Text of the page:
Wednesday, June 15, 2011

The Book of Night Women - Book Review

ALERT: This is gonna be one of my longer reviews, so the time to jump ship is now. 

STORYLINE:  The Book of Night Women is the story of how a group of female slaves instigated a rebellion on a Jamaican sugar estate. The book is narrated by a mysterious person whose identity is revealed at the end. I’d say the title references the fact that the women did much of their scheming under cover of darkness.

Lilith: a young woman, born into slavery, who has what others think of as a ‘dark power’.  Lillith is, in fact, haunted by a ‘presence’ that compels her to act. I think the woman started to haunt me too.  As the product of a slave and white man, Lillith is dark in complexion and has green eyes.  Being one to overthink everything, I found this a little hard to imagine. There were other black women on the estate who also had the overseer’s eyes and in one case, red hair.  Still, I’m fascinated by genetics and have seen some uncommon quirks passed down within families.

Homer: The head house slave who recruited the women to lead the rebellion on the Montpelier estate. Homer is a strong female, who endured much and lost much, but seemed to be a faithful servant to her owners while planning their demise.

Humphrey Wilson: Slave owner (or Backra Massa). A complex man with strong passions. He’s hoodwinked for a time by Isobel, who lives on a nearby estate.  

Robert Quinn:  Friend to Humphrey and overseer on the estate. He eventually takes Lillith to live with him and they form something of a relationship.

I LIKED: the characters in this story. Never have I been wrapped up in a historical/slave narrative to the extent that I got immersed in this one. I’ve read novels of this type before, however it’s been a long while since I’ve ventured down this road. The Book of Night Women is by far the most up-close-and-personal-look I’ve taken at the reality of slavery. This may be because the characters were real to me.  I laughed and cried with them, I bawled when Lillith was whipped for the first time in her life and then twice a week for a period after that. I cried when she was raped by a bunch of slave drivers and I cried when old Homer was whipped, even though she committed a crime.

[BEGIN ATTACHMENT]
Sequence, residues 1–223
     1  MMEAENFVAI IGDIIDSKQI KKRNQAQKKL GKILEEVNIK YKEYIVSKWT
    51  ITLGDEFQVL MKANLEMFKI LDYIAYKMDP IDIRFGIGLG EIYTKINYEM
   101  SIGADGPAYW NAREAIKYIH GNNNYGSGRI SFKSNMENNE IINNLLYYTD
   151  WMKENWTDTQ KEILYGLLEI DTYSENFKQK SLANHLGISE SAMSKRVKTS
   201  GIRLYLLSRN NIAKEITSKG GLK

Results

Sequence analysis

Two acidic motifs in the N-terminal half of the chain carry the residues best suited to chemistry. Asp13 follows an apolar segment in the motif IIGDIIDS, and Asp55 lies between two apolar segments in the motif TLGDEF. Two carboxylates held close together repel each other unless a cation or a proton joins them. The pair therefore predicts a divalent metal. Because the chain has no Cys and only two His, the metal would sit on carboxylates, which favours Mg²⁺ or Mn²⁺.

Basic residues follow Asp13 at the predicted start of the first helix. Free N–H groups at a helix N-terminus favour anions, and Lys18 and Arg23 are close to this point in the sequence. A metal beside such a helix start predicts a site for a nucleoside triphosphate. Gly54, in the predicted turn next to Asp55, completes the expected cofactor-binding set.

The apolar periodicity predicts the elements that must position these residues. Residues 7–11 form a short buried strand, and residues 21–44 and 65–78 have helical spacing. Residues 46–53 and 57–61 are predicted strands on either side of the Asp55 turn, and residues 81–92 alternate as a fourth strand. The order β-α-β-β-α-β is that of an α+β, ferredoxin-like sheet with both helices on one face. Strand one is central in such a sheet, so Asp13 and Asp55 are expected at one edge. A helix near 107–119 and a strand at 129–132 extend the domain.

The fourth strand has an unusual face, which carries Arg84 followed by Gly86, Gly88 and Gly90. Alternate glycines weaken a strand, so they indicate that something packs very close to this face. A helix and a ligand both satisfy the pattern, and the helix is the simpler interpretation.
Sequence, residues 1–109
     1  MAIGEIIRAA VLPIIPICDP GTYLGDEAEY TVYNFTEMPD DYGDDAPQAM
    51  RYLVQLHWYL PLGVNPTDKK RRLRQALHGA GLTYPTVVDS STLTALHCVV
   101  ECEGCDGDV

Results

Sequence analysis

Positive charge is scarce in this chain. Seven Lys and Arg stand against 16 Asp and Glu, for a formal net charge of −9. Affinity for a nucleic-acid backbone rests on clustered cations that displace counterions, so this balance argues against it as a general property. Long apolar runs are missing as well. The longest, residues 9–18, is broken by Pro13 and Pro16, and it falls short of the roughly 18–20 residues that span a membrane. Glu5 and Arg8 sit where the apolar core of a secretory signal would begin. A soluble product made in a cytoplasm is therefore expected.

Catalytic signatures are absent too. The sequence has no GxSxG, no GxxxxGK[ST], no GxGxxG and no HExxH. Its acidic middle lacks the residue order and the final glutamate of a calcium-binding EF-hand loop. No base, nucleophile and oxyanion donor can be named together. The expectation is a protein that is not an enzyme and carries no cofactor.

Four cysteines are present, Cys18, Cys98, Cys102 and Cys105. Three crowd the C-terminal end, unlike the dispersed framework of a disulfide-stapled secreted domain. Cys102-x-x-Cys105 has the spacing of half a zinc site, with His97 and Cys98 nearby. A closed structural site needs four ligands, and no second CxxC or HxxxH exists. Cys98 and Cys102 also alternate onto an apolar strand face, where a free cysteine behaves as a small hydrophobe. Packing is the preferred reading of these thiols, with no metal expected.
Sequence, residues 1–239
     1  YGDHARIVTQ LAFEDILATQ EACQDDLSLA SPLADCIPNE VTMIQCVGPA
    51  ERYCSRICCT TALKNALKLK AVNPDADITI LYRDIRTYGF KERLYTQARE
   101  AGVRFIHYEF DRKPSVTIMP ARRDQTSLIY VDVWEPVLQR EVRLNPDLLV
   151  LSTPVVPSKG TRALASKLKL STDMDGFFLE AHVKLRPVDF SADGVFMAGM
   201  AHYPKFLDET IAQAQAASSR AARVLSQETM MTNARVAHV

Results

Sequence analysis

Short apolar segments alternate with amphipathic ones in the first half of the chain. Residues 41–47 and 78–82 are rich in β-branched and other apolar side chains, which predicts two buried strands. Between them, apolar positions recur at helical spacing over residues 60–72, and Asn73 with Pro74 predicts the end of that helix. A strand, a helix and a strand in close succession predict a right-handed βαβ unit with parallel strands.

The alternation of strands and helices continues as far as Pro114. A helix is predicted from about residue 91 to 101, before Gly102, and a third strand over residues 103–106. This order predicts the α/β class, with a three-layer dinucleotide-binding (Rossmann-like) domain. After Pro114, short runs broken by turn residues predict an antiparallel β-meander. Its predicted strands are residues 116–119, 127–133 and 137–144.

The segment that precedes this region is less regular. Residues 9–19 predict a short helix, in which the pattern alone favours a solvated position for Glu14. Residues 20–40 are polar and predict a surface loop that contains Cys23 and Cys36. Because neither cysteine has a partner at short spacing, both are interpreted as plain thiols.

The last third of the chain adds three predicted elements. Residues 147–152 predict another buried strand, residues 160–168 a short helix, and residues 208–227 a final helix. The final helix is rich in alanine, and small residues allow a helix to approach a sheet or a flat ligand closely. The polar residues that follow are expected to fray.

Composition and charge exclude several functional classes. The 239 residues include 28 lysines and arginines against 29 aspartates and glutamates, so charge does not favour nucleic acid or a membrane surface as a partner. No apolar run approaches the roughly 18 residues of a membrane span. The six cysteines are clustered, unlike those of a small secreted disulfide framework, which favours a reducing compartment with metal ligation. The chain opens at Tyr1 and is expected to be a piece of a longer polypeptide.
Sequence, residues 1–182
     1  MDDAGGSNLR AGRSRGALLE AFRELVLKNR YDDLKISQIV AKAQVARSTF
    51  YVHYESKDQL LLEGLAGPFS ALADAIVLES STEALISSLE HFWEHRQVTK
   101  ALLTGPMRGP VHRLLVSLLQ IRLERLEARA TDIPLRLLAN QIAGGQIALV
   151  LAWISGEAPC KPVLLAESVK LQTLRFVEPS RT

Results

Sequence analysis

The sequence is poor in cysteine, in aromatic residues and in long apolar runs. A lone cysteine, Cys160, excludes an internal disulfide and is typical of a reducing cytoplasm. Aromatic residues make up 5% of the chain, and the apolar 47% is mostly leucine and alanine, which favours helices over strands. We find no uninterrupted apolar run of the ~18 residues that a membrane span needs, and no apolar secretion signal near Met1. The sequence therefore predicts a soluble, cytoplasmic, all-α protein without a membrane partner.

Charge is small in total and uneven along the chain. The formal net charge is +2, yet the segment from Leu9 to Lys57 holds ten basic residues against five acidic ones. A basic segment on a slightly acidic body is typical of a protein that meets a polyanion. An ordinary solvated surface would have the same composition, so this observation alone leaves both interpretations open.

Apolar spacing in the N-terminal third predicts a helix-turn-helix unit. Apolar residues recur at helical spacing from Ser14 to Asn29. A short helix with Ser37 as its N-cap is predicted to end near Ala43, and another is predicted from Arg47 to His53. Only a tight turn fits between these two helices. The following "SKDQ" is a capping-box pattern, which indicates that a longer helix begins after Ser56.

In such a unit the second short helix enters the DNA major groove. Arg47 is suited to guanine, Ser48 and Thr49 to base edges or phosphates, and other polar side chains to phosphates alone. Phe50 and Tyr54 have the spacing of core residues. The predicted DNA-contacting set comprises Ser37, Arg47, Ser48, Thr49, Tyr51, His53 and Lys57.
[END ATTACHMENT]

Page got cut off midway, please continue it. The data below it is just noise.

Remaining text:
I COULD HAVE LIVED WITHOUT:  the brutality contained within the covers of the book, however, it wouldn’t have come across as the genuine article if anything of the reality of the day had been omitted. We humans are inventive when it comes to inflicting pain and  taking away people's dignity.

The use of what we call bad words or ‘bad wud’ in Jamaica was excessive and leads me to wonder if we are so violent today because we’ve carried the legacy of slavery and that short-temperedness into modern times. It took little for the women planning the rebellion to start arguing. Lillith was full of fire and feisty, rude to her elders and the fire in her blood led her to kill on several occasions.

The term ‘nigger’ also got on my nerves after a time, and then I ignored it. It’s a term we use regularly in Jamaica and it doesn’t spark the outrage it does elsewhere.  However, our pronunciation differs from the way people in North America say it. Our speech is slower, so the word comes out as ‘neygar’ and not ‘nigger’. These days, ‘neygar’ is used to denote crass people who are described as ‘old neygar’.